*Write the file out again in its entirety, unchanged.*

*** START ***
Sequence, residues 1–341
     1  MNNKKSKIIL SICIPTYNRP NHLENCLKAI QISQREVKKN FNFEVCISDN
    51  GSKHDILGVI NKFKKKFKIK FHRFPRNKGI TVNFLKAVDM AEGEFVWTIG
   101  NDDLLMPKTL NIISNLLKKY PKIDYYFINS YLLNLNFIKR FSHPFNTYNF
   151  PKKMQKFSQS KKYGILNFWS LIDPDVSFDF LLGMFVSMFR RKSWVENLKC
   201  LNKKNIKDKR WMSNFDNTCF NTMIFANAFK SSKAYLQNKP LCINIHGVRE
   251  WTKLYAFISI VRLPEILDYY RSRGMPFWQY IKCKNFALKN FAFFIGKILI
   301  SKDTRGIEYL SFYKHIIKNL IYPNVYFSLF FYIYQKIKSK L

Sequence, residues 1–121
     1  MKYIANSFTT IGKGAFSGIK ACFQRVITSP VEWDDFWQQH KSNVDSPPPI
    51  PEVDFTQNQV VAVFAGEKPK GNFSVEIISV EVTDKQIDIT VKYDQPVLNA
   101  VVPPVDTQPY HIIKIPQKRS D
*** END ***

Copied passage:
Sequence, residues 1–341
     1  MNNKKSKIIL SICIPTYNRP NHLENCLKAI QISQREVKKN FNFEVCISDN
    51  GSKHDILGVI NKFKKKFKIK FHRFPRNKGI TVNFLKAVDM AEGEFVWTIG
   101  NDDLLMPKTL NIISNLLKKY PKIDYYFINS YLLNLNFIKR FSHPFNTYNF
   151  PKKMQKFSQS KKYGILNFWS LIDPDVSFDF LLGMFVSMFR RKSWVENLKC
   201  LNKKNIKDKR WMSNFDNTCF NTMIFANAFK SSKAYLQNKP LCINIHGVRE
   251  WTKLYAFISI VRLPEILDYY RSRGMPFWQY IKCKNFALKN FAFFIGKILI
   301  SKDTRGIEYL SFYKHIIKNL IYPNVYFSLF FYIYQKIKSK L

Sequence, residues 1–121
     1  MKYIANSFTT IGKGAFSGIK ACFQRVITSP VEWDDFWQQH KSNVDSPPPI
    51  PEVDFTQNQV VAVFAGEKPK GNFSVEIISV EVTDKQIDIT VKYDQPVLNA
   101  VVPPVDTQPY HIIKIPQKRS D